The focus on bilingual employees was an organizational goal for fiscal year 2022 and became a critical strategy identified by a group of employees and community leaders who created the health system’s diversity action plan.
“The conversational Spanish classes align with our office’s commitment to increasing the number of bilingual employees by 5% year-over-year and have resulted in enhanced employee communication with Spanish-speaking patients, visitors and colleagues,” said Lynette Chappell-Williams, vice president and chief diversity officer.
The six conversational Spanish classes offered by the Office for Diversity, Equity and Inclusion have been praised by the nearly two dozen employees who completed the program. The last class ends on Thursday, Dec. 1.
“I am so grateful for the conversational Spanish courses offered by the partnership of our diversity office and Penn State,” said Courtney Miller, a strategic planning analyst. “The instructor geared instruction toward each student’s learning needs and objectives, and we were provided with a wide variety of learning resources. We even had a cultural cooking class! I truly cannot say enough positive words about my experience taking this course, and I am now able to better connect with our Spanish-speaking patients and staff.”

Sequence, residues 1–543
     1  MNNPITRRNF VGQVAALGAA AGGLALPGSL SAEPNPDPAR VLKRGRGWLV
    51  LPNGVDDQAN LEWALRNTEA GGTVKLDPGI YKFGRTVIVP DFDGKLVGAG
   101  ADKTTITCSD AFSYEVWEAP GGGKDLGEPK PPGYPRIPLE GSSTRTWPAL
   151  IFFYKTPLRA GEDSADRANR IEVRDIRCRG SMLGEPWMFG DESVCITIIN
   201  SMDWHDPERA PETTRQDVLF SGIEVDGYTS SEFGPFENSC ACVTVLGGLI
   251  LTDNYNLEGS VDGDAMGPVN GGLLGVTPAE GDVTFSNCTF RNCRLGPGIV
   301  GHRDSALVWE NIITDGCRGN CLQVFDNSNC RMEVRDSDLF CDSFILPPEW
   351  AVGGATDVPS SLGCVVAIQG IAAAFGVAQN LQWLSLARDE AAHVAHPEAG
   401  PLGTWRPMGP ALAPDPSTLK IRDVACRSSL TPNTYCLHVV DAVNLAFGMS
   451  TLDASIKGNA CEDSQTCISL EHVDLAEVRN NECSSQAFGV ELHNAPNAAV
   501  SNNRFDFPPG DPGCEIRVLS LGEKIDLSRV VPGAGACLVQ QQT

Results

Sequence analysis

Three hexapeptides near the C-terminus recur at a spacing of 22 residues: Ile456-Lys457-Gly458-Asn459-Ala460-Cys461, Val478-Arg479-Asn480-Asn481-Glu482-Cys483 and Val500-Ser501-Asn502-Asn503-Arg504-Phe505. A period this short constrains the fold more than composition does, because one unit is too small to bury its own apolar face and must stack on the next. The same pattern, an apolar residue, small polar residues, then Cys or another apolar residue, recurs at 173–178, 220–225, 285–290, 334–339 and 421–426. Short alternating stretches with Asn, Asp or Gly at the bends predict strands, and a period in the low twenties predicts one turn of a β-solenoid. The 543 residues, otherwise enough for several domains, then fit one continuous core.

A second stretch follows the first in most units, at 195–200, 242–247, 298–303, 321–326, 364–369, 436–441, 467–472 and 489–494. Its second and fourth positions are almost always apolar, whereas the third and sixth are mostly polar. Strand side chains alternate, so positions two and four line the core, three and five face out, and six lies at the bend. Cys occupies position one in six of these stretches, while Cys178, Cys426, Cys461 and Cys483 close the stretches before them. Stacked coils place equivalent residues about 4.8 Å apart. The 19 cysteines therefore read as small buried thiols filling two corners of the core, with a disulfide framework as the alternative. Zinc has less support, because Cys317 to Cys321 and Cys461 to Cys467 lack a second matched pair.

Misty Bowman, patient- and family-centered care program manager, noted that she hadn’t taken part in a Spanish course for many years. The classes offered by Penn State Health helped her regain some past skills and learn even more sentences and words to use in the hospital setting.
“I love using what I learned, and I practice with the in-house interpreters I oversee,” Misty said. “They converse with me in Spanish, and we often have a chuckle together when I cannot roll my r’s. Our instructor spent a lot of time having us practice everything he taught. He was patient, and everyone felt comfortable enough to try to say the words. We even made up our own sentences at the beginning of every class to share with each other and have a laugh together.”
In addition to the conversational Spanish classes offered by the Office for Diversity, Equity and Inclusion, the health system’s Security Department arranged for 17 of its officers to complete a work-specific Spanish class. During this class, officers learned Spanish words and phrases that will enhance their ability to communicate more effectively with Spanish-speaking patients, families and visitors. Approximately 20 to 25 officers will complete the course in January 2023. In addition, 40 medical office assistants, schedulers and registration staff will complete a similar program in November of this year.
The Office for Diversity, Equity and Inclusion is exploring whether to continue to offer the Spanish classes as well as expand the program to include other languages, including American Sign Language. Anyone interested in participating in a language course should contact Hector Ortiz, program manager for diversity and inclusion, at email@example.com.